We often get this question: “What’s next after ISTQB Foundation Level certification if I want to really stand out?” If you want to test apps, you’ll also want ASTQB’s Mobile Testing Certification. And you can impress companies even more with your ISTQB Agile Testing Certification. But those are optional, simple next steps. Start with the easy first step of getting your ISTQB Foundation Level certification with the information below or if you need help, by taking an accredited software testing training course.

Interested in turning your love of video games into a career? This course will introduce you to the concepts and skills required to make it in the modern game industry—whether you want to build and finance your own game or land a job at a triple-A studio, with an indie team, or in mobile gaming. Learn about the history of video games, the structure of a typical game studio, the distribution paths for different types of games, marketing trends, the various roles (both artistic and technical), and the skills you need for each job. Christian Bradley provides practical, real-world advice about the game industry, and tips for getting your foot in the door. Plus, explore the courses and learning paths we offer to help get you started.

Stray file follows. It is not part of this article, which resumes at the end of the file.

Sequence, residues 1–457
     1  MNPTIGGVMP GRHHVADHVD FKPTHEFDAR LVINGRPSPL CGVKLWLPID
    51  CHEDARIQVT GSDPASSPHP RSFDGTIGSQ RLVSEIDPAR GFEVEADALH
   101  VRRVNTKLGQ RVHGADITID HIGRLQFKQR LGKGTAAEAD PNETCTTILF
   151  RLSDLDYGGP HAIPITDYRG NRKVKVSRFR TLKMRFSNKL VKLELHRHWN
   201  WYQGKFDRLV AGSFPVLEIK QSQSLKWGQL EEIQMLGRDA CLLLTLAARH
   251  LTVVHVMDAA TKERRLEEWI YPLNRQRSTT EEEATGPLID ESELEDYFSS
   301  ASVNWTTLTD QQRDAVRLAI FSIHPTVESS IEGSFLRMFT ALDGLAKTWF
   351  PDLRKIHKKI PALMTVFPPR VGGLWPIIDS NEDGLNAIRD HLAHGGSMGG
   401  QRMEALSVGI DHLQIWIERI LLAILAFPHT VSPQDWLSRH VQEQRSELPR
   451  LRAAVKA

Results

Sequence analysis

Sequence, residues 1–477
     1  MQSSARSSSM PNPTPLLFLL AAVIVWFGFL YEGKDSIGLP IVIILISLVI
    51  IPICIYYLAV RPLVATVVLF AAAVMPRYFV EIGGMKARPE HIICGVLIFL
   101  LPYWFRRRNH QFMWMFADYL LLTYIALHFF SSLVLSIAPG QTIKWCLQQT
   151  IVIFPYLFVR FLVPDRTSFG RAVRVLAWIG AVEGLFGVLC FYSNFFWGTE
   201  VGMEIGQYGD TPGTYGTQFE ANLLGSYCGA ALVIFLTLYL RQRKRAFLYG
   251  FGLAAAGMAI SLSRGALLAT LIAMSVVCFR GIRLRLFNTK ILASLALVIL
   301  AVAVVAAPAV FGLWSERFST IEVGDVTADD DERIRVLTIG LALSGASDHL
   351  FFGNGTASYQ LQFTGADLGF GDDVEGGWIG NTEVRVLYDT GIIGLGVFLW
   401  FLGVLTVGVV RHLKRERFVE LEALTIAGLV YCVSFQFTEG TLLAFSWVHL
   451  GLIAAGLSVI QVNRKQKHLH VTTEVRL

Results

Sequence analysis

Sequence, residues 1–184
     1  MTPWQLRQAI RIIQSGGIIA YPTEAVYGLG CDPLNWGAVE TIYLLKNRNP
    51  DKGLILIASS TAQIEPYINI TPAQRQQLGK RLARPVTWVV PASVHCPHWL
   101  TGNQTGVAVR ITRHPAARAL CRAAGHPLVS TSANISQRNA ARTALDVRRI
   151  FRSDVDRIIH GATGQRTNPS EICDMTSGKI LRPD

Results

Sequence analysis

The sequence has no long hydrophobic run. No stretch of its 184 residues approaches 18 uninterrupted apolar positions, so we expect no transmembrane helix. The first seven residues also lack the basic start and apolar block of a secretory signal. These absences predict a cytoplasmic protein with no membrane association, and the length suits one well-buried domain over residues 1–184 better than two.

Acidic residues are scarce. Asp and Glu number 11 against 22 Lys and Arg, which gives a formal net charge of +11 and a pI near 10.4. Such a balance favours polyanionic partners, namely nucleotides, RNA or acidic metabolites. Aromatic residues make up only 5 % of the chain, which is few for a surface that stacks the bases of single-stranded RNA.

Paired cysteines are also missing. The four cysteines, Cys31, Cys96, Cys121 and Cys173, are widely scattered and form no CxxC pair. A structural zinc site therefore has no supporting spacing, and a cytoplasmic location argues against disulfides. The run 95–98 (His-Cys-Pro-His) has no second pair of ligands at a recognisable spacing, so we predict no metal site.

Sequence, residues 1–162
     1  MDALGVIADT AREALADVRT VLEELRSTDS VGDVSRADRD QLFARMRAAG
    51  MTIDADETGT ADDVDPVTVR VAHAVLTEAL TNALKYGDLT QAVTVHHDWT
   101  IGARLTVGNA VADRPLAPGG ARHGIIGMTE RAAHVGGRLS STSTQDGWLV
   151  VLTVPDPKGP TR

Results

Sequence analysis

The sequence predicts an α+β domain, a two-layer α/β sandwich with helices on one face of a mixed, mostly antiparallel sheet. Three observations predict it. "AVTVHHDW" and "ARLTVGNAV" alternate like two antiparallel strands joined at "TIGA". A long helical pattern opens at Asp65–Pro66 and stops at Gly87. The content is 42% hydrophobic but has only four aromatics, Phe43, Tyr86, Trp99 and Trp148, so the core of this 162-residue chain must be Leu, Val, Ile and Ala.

A video game tester is expected to take a wide range of actions in the game to identify any bugs or glitches. Essentially, a bug is something wrong with the programming, and there can be a huge variety of them. A bug comes when a player gets trapped in a certain spot, or when a movement graphic doesn’t work properly on a specific character. There are literally millions of possible bugs that could be in the game, but thanks to game testers, most games are released nearly flawless.
Hey sir I’m want to be a video game tester, and we are doing this project and one of the requirements are to interview someone in the field who has the same career me and my teacher couldn’t find any one and the last and only way to get an interview is with you, hopeful you’ll take the time to ask some questions but, I can send you the questions in a email if you want to do it. Like i said hopeful you have some time because my interview is due in a week, no pressure.